The U of L’s Faculty of Arts & Science, with support from the AGILITY program, is piloting an Experiential Learning Week project that will see eight high school students from Pincher Creek’s Matthew Halton High School and one from Nanton’s J.T. Foster High School spend a full week at the U of L investigating issues related to water. A true campus experience, the students will live in campus dormitories, attend sessions with world-class water researchers, design and create prototype solutions and learn how to pitch their ideas to potential investors.
“Our theme for the week is water because we know that water is an increasingly scarce resource,” says Dr. Jackie Rice, associate dean of the Faculty of Arts & Science. “Water is related to everything we do on a daily basis. It is an essential part of agriculture, industry, even recreation, and we have expertise here that can help guide the students in their thinking about water and the potential problems a lack of water could cause.”
With a liberal education approach, Rice says students will first identify and then approach water issues from a variety of perspectives.
“We want to expose students to the different ways that they can look at that particular problem,” she says. “Whether it be through the eyes of a scientist, a sociologist, an anthropologist, all of those different perspectives can be brought into how to solve a potential problem.”
John Taylor, an off-campus coordinator for Livingstone Range School Division, says he’s looking to remove potential barriers for rural students pursuing post-secondary studies.
“We’re trying to break down the walls of school and get them out of the building and into the real world, solving problems, making a difference and developing the skills and competencies they need,” he says. “It’s only one week but it’s an immersive experience. It’s really trying to build that bridge between high school and post-secondary.”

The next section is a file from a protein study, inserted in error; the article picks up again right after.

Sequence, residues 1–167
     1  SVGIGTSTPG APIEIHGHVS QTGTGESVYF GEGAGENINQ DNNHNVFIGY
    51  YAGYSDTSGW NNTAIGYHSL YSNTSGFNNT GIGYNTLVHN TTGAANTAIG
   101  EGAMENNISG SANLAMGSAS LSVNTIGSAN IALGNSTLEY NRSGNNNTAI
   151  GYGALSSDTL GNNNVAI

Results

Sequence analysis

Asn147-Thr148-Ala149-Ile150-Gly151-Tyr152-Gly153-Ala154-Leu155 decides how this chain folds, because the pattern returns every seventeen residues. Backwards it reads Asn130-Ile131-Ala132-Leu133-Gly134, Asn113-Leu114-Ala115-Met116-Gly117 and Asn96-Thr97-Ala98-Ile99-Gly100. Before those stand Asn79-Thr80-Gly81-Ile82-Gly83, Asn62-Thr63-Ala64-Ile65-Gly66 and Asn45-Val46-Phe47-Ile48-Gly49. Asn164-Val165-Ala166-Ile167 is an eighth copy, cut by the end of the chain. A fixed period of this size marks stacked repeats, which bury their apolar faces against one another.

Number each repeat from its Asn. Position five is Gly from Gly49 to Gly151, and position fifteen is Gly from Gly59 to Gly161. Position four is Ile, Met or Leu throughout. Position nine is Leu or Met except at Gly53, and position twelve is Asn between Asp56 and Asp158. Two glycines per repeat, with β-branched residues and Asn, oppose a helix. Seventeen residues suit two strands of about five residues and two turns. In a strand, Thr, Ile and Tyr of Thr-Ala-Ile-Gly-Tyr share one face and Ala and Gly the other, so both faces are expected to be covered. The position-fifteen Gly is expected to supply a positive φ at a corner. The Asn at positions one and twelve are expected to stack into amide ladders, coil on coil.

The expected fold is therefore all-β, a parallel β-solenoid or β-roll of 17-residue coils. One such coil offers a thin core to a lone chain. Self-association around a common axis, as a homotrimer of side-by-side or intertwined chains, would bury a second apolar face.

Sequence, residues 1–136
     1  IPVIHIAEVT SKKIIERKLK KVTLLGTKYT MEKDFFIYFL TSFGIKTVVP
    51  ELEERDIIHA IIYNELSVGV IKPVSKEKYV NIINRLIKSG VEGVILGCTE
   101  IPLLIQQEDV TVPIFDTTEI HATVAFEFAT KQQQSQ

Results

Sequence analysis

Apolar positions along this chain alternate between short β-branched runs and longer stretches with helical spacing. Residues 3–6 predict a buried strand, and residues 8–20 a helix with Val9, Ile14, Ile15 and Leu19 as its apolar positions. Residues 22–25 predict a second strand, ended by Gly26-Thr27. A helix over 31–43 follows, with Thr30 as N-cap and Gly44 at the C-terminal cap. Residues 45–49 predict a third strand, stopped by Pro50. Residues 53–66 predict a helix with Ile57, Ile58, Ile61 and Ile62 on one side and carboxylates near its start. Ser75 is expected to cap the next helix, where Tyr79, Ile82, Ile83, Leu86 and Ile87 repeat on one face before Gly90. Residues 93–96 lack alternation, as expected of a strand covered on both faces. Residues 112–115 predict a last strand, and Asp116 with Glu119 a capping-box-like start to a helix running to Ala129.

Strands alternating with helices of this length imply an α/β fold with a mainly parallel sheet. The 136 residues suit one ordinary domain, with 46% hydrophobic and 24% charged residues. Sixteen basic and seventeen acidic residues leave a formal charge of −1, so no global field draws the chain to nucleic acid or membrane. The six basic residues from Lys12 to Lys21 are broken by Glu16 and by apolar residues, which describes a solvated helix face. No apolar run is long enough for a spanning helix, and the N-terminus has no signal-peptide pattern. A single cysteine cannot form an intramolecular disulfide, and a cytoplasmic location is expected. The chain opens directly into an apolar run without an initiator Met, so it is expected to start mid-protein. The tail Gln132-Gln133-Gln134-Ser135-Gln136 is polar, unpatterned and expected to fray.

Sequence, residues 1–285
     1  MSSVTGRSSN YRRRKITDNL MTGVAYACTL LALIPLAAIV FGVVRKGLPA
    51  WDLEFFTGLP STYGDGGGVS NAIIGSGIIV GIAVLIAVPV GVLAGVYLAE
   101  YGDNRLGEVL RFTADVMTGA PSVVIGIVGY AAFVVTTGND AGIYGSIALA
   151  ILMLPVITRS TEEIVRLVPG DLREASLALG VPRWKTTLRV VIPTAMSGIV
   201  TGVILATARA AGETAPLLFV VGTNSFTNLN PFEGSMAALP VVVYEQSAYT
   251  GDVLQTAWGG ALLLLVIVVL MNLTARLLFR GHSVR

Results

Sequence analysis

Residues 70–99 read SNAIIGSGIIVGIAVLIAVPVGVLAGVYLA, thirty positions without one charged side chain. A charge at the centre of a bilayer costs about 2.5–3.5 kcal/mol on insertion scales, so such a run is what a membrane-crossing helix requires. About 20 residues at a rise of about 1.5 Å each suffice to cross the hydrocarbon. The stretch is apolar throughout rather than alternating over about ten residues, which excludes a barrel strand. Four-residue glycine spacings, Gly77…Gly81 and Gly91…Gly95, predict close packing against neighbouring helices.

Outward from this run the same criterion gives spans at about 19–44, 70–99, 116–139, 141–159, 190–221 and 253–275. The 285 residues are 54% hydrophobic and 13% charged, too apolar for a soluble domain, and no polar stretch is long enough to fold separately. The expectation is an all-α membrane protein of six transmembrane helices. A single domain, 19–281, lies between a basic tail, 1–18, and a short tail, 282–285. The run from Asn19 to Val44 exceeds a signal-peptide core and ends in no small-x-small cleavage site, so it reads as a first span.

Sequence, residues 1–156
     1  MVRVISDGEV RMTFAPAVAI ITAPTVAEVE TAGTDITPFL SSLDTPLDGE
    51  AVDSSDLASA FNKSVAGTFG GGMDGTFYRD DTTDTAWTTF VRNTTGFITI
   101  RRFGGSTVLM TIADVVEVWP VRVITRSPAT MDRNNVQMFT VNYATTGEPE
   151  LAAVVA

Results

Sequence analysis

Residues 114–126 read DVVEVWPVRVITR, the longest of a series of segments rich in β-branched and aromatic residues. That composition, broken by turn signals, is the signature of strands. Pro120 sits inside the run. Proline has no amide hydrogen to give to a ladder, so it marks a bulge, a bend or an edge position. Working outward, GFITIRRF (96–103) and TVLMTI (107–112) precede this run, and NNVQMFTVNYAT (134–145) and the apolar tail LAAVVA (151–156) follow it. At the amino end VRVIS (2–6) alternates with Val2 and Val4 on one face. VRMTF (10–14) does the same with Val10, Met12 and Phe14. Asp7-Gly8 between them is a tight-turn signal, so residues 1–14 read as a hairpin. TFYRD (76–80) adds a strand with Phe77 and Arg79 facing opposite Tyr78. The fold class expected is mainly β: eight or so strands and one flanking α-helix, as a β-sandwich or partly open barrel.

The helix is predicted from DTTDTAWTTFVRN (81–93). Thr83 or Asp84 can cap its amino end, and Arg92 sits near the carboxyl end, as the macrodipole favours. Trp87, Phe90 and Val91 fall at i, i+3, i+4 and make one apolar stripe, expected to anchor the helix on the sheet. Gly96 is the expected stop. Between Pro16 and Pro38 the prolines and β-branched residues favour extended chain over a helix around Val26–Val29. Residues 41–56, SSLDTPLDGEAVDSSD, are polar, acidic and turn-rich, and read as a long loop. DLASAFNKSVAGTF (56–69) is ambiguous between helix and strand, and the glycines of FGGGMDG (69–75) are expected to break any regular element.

He’s keen to see his students challenged to think in a new space, something that post-secondary studies demand.
“In this age, the information is readily available to everyone, but what we need to do is develop their skills to apply that information,” says Taylor. “They’ll get a chance to learn about design thinking, empathy, ideation and to think as an entrepreneur.”
Rice says the students will first identify a problem, then follow it all the way through to product creation in an attempt to solve the issue.
“We want to expose students to these problem-solving approaches,” says Rice. “Beginning with their ability to empathize, to define what they see the problem to be, to ideate, and then coming up with ways to solve it and then prototyping and testing what their solutions could be. We want them to see how those things actually work in practice – we want them to do it, we want them to build their solution.”
All the while, the students will gain valuable skills of adulthood. They’ve already been working on grocery lists and meal planning for the five-day stay, and will be responsible for getting to classes on time, cleaning up their living areas and more.
“Experience is the way to go, it is the best teacher,” says Taylor. “It’s only five days but it’s a start and it might be the doorway toward going to a university or college in the future.”